At the core of our galaxy, the Milky Way, there has been identified a supermassive black hole with a volume of 4 million times that Sun’s, dubbed as Sagittarius A* (Sgr A*). In the last years, researchers analyzing the black hole’s space neighborhood noticed two strange things.
It also appeared to orbit Milky Way’s orbit. The cosmic features were named G1 and G2. The origin of those “G sources” is uncertain. Some scientists think they contain gas, while others believe there are only some odd stars covered in dust.
A Controversial Discovery
In recent research, scientists unveil that they have identified four other odd cosmic features which are similar to G1, respectively G2. They imply that the findings are part of a new category of space phenomena.
“These objects look like gas and behave like stars,” stated Andrea Ghez from UCLA.
Scientists utilized near-infrared information gathered in the last decade by the Osiris imager, established at the W.M. Keck observatory in Hawaii. They succeeded in examining the strange cosmic features in better detail.
The research on G1 and G2 had also helped them reviewed the findings. Back in 2014, scientists forecasted that G2 was certainly a gas cloud. But G2 got very close to Sgr A* and survived, making researchers reconsider their information. Ghez added: “G2 survived and continues happily on its orbit; a gas cloud would not do that.”
Milky Way’s supermassive black hole is orbited by odd space objects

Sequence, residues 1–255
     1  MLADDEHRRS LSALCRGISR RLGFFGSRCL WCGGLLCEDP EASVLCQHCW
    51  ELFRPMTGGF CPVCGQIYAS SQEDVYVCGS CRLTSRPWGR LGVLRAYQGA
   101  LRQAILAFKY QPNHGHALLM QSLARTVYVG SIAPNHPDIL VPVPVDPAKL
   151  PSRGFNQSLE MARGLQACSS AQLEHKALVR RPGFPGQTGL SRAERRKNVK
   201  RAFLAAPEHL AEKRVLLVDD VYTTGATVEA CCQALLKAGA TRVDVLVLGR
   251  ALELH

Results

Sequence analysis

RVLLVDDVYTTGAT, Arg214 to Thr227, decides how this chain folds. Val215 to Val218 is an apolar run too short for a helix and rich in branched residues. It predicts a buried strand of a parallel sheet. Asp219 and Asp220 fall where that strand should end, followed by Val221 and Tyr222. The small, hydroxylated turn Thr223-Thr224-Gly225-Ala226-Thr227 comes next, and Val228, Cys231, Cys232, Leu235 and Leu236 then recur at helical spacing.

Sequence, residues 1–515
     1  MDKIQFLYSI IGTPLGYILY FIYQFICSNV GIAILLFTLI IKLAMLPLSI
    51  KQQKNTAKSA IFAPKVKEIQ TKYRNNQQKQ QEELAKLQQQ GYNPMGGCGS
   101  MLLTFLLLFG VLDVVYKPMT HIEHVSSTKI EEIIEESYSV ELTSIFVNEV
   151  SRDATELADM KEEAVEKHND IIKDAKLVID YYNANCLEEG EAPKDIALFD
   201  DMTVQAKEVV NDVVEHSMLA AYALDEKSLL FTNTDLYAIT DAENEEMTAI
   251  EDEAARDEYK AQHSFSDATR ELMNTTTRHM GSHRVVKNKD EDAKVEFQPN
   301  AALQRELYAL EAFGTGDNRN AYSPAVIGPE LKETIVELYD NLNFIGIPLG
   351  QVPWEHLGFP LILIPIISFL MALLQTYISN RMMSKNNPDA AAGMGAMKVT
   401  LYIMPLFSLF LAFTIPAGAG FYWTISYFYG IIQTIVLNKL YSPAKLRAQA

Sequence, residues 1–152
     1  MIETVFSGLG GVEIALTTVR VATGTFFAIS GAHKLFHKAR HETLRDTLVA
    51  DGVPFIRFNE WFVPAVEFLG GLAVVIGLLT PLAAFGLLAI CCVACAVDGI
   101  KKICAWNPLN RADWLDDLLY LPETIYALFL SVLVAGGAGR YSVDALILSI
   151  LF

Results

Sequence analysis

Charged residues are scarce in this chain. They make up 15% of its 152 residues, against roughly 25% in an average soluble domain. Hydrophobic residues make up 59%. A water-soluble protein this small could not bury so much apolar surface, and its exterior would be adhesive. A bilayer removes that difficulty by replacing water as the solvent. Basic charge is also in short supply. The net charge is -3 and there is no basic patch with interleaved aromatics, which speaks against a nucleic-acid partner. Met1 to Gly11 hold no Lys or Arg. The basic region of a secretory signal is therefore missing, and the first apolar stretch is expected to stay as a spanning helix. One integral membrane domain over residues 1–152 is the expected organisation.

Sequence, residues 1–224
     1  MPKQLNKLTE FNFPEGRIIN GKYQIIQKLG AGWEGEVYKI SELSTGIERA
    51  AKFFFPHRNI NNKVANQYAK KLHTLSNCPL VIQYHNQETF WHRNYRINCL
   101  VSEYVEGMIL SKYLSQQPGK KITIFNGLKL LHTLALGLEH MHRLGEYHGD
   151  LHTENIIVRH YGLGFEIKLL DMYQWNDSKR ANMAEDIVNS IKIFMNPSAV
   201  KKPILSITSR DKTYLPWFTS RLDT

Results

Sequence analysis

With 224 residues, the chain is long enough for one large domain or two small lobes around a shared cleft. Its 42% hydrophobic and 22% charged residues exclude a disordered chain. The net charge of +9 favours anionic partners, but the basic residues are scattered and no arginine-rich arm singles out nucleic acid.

Ghez also proposed what scientists were viewing was not indeed a gas cloud. They only noticed a result of some merged binary stars, after they orbited each other, crashed in the end, and forming a massive star. However, the second team of scientists stated that G2 could surely be a gas cloud.
They also indicated that it came from a vast stream of gas that also included G1. Simulations displayed that it appeared to fit the information perfectly well. But those conditions were generated with only two strange cosmic features. Currently, with the other four to analyze, the riddle intensifies.
“I think the gas streamer hypothesis worked well when we just had G1 and G2, but with 6 objects, orbiting at very different inclinations, this hypothesis is harder to apply,” detailed Anna Ciurlo from UCLA.
David Blair was a reporter for Henri Le Chat Noir, before becoming the lead editor. David has over 20 bylines and has reported on countless stories concerning all things related to science, games and technology. David studied at Birmingham University.